Overheard At #RedForEd: Pay Is Important, But Testing Took Center Stage
By Jennifer Wagner
When thousands of people come together to speak out for or against something, it’s a beautiful sight. Rallies and protests are a reminder of our fundamental American right to petition our government for redress of grievances.
This week, the Red for Ed movement came to the Indiana Statehouse. Thousands of teachers flooded the building on Organization Day, which is the ceremonial start of next year’s legislative session.
It was the biggest rally I’ve seen since 2011, when thousands of union workers protested Indiana’s proposed “right to work” law, though issues such as same-sex marriage, redistricting reform and bias crimes also have drawn huge crowds.
We work in K-12 education policy, so we walked over to learn more about what brought so many teachers to Indianapolis — many from the far corners of the state — on a cold, foggy Tuesday morning.
Turns out, their reasons went far beyond teacher pay, which has been the hallmark of the national #RedForEd movement.
Sure, there were plenty of signs and chants about funding, but most of the educators we spoke with were there to talk testing. Specifically, high-stakes testing and its negative effects on students and the teaching profession.
I wrote about this a couple months ago after Indiana’s latest testing debacle, but it was distressing to hear first-hand how much pressure these tests put on everyone. When one of my co-workers told several teachers that some states use summative tests like NWEA instead of high-stakes tests like ILEARN, they were stunned and said they wished we could do that in our state. After all, they’re already administering such tests, in addition to what’s statutorily required.
And that’s an important thing to note: The teachers we spoke with were not opposed to norm-referenced tests that help them evaluate their students in a timely manner. They’re just sick of feeling like their value is determined by a test that’s given twice per year — and then tied to their pay.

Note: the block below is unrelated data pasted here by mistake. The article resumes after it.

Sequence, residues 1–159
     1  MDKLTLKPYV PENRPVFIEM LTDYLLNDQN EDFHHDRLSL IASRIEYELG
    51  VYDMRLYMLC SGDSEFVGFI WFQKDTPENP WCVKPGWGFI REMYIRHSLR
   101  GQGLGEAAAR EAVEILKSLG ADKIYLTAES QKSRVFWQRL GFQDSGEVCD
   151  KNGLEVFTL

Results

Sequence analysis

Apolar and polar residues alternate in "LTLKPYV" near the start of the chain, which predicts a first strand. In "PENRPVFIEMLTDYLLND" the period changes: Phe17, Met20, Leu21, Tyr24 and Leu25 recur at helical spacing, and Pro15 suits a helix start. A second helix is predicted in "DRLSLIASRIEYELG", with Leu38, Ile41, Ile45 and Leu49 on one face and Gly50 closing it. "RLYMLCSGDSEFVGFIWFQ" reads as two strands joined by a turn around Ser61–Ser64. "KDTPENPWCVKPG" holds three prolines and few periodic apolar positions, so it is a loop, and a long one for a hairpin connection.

Top lawmakers already have indicated a willingness to consider decoupling evaluations from teacher pay, so it will be interesting to see where this debate goes in January.
One thing we didn’t hear at the Statehouse were complaints about school choice, which often gets portrayed in the media as a reason why traditional schools don’t have enough funding despite the fact that private school choice programs make up less than 5 percent of the education budget in almost every state where they’ve been enacted.
In fact, we know from our polling that public school teachers support choice programs, presumably because they want all students — including the ones in their classrooms — to be able to get in where they fit in:
Teachers made their voices heard this week, and it’s always a good thing for democracy when people show up and speak out. When it comes to funding, there’s still a lot of work to be done to explain how teachers get paid and to whom they should look for raises, but that’s all part of a much broader conversation about the future of K-12 education across America and the best way to make sure every student has a chance to succeed.
Jennifer Wagner is a mom, a recovering political hack and the Vice President of Communications for EdChoice, a national nonprofit that supports and promotes universal school choice.